12. HOT WAR IN KOREA Soon however the Chinese entered the picture and drove the UN forces back again who rallied back around the original border MacArthur was dismissed for insubordination and the war dragged on Americans became angry at the war, which went on until 1953 – 157,000 casualties (54,000 deaths)

  13. THE COMMUNIST ISSUE AT HOME While communist membership fell after the start of the Cold War, fears of spies were rampant Loyalty Review Board – established to check on government employees – 2700 were dismissed over the next 10 years Alger Hiss, a former State Department official was accused of being a communist in the 30’s was eventually sentenced to 5 years in prison Klaus Fuchs – British scientist who betrayed atomic secrets to the Soviets Julius and Ethel Rosenberg – executed for passing secrets to the Soviets

  14. MCCARTHYISM Feb 1950, Joseph McCarthy of Wisconsin claimed that the government was full of traitors, that he had a list of people who were communists but were still working in the government Soon he was accusing everybody of being a communist and was on TV and radio everywhere – but he never exposed a single spy or secret communist – all he did was frighten thousands of people

  15. DWIGHT D. EISENHOWER Eisenhower is nominated over many other prominent Republicans He was popular because he avoided controversy He was a successful general running Allied forces during WWII He reminded people of George Washington and Andrew Jackson Eisenhower defeated Adlai Stevenson easily 442-89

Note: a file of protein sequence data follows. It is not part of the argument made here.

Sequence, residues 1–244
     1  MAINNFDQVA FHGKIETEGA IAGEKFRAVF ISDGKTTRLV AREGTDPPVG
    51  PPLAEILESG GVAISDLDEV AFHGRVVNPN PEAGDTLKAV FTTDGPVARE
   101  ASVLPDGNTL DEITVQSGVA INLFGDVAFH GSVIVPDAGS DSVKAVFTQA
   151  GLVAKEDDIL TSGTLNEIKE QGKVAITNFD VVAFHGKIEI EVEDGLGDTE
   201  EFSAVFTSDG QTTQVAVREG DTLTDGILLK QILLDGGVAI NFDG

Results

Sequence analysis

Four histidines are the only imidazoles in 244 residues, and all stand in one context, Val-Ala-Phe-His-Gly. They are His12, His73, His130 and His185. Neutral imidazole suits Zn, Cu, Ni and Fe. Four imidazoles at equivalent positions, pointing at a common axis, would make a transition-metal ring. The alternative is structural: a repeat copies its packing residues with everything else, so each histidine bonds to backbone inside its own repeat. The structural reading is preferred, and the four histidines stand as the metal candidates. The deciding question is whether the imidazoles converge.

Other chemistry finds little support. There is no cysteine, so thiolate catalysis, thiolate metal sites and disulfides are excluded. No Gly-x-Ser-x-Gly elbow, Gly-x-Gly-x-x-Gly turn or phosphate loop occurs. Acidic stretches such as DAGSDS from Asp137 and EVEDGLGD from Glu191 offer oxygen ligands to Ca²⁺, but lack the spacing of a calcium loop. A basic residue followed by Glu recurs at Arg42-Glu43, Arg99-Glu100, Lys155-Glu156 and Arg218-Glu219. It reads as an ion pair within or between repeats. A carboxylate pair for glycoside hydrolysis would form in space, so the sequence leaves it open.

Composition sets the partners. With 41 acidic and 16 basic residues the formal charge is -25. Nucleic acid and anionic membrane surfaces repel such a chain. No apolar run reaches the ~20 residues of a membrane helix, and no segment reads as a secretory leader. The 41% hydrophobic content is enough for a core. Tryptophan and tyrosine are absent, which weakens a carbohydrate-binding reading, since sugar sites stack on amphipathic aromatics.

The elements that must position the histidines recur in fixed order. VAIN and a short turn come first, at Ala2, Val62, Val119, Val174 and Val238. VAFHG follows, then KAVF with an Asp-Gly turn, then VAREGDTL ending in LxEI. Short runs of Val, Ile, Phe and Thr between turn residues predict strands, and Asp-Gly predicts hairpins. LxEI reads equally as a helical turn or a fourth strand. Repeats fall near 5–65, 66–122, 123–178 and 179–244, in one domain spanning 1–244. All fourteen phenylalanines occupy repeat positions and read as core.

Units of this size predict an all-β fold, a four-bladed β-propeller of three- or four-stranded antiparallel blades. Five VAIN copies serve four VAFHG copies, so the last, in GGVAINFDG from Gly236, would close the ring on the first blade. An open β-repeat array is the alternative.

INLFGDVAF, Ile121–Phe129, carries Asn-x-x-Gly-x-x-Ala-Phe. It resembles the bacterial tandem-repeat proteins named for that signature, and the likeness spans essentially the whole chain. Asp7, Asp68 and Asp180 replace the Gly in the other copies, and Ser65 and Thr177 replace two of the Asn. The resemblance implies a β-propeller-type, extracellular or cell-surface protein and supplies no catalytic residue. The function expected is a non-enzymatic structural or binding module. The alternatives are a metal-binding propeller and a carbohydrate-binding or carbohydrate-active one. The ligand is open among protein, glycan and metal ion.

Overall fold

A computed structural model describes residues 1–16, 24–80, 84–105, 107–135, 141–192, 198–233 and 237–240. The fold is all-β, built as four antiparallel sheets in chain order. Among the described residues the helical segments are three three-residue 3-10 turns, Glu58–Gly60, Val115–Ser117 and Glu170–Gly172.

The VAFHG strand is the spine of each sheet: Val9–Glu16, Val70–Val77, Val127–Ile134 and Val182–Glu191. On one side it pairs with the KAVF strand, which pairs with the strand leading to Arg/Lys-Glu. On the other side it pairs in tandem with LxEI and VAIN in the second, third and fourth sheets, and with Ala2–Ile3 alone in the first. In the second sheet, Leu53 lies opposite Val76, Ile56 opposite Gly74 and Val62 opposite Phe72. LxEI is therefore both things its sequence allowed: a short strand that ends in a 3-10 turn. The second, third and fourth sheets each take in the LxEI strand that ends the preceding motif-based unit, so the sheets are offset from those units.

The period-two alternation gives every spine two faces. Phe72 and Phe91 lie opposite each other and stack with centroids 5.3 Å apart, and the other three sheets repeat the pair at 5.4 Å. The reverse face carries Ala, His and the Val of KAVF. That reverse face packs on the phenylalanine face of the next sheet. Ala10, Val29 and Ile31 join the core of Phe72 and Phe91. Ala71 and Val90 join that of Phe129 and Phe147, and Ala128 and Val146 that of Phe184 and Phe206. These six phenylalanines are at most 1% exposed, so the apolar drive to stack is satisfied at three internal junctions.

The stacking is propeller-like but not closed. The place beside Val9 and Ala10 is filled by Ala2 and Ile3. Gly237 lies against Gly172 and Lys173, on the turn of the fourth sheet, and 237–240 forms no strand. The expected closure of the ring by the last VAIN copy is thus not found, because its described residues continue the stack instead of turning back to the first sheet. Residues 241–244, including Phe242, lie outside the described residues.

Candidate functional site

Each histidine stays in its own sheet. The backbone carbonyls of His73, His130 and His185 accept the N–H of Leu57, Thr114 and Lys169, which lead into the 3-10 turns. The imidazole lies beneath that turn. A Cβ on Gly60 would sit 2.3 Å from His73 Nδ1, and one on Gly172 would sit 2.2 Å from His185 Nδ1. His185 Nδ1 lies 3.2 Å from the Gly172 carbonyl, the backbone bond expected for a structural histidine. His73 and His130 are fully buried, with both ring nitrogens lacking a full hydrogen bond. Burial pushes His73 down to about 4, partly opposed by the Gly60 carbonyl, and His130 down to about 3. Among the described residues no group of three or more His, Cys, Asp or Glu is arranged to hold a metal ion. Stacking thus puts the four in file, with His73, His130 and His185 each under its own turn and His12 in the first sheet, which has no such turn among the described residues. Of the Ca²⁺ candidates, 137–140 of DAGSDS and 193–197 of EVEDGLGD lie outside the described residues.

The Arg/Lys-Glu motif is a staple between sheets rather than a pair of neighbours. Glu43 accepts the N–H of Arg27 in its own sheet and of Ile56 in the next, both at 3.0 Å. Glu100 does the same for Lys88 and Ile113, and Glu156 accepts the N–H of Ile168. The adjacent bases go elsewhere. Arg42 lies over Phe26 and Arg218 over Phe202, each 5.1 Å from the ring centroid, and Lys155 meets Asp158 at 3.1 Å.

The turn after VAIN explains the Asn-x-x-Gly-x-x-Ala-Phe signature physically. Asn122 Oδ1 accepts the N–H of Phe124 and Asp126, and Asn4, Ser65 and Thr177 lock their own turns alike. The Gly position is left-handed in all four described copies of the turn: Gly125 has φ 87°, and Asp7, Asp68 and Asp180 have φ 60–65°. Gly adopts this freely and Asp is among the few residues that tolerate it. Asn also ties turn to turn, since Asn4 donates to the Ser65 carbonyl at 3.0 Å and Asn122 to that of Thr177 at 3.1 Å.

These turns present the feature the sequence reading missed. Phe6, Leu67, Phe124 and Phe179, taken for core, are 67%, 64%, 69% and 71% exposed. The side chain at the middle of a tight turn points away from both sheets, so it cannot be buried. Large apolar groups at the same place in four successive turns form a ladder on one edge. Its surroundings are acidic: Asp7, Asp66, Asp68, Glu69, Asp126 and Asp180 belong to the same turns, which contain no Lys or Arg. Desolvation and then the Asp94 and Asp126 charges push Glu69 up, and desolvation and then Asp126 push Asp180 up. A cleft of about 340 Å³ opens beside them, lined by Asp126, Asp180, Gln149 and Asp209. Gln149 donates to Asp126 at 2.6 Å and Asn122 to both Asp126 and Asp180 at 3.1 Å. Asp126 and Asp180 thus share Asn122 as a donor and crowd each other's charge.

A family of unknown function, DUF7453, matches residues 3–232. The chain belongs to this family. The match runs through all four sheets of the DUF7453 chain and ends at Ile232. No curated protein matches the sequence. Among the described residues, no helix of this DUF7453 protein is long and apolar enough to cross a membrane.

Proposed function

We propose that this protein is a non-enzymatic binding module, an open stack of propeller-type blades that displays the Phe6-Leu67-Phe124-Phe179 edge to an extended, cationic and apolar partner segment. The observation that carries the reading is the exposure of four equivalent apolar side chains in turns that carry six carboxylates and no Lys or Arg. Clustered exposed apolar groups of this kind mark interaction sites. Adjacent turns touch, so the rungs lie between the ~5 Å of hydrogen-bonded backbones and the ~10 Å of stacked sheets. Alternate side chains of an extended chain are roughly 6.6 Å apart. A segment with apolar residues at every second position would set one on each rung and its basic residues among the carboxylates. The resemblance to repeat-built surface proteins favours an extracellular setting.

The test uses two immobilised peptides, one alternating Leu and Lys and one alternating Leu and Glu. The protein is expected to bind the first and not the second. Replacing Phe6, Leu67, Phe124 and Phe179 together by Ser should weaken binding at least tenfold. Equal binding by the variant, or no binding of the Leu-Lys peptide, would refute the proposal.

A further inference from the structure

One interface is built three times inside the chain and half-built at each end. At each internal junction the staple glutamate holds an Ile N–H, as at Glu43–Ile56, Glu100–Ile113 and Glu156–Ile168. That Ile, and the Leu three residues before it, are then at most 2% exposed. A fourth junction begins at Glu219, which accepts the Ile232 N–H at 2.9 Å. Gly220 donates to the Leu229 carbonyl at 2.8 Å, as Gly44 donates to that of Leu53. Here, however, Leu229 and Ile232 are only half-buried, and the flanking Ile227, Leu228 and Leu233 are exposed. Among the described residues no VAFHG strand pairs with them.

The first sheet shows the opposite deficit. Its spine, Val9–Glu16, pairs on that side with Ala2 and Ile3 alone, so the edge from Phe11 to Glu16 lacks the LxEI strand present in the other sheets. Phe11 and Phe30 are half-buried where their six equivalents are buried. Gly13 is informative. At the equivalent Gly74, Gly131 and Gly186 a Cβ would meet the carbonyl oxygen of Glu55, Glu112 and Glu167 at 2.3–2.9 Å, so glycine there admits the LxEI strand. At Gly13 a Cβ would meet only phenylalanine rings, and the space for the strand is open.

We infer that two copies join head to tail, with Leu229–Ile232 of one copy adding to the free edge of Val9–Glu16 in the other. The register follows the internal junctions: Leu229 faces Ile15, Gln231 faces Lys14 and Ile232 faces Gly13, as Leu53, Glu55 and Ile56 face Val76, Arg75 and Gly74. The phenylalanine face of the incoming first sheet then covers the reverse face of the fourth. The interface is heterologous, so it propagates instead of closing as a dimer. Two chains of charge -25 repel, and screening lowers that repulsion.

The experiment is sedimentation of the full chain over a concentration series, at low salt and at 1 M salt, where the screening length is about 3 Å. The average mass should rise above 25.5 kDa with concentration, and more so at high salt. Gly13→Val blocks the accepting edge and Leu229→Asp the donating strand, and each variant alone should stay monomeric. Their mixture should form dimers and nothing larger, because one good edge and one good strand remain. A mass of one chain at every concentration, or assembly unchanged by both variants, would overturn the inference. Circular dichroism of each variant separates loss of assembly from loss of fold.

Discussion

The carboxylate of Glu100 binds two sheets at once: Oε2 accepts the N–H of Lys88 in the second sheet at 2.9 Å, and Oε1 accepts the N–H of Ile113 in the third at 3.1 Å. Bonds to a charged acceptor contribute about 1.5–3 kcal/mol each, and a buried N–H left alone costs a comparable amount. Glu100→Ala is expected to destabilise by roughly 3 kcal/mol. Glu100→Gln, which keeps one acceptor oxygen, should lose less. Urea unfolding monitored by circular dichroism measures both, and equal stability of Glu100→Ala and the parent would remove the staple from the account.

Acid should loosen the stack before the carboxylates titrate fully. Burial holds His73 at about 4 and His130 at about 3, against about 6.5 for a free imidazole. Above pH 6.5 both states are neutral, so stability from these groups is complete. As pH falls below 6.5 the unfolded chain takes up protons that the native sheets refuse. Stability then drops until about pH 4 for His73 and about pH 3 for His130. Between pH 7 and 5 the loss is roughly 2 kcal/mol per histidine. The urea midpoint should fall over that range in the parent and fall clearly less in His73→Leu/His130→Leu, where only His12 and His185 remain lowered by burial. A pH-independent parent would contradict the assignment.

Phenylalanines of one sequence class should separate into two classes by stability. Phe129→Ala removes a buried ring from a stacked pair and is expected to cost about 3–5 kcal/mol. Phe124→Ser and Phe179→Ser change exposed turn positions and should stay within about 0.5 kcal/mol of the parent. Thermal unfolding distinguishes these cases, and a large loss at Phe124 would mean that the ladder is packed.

16. DWIGHT D. EISENHOWER He called for more local control of government Promised to reduce spending and cut taxes Yet he was unwilling to cut military spending or reduce current social and economic legislation Social Security was extended to more people Created the Department of Health, Education and Welfare Promoted a highway construction act He was flexible without compromising his own values

  17. THE EISENHOWER-DULLES FOREIGN POLICY John Foster Dulles became Eisenhower’s Secretary of State He was against Truman’s conventional containment policy stating it was too expansive and was ineffective Dulles was for focusing on nuclear weapons and shrinking the conventional army – acting as a deterrent – when the Chinese signed the armistice in Korea Dulles believed it was due to the nuclear threat In 1955 Eisenhower stated that he would use nuclear weapons to defend Taiwan – the Chinese backed down Massive Retaliation seemed to be working, and the US reduced its forces even more

  18. ASIAN POLICY AFTER KOREA After Korea, a new issue arose – communist rebels in French Indo-China led by Ho Chi Minh 1954 – France, Britain, Soviet Union and China divided Vietnam at the 17th parallel – the north became the Democratic Republic of Vietnam, the south remained in the hands of the emperor Bao Dai until he was overthrown – the US supplied this new government liberally with aid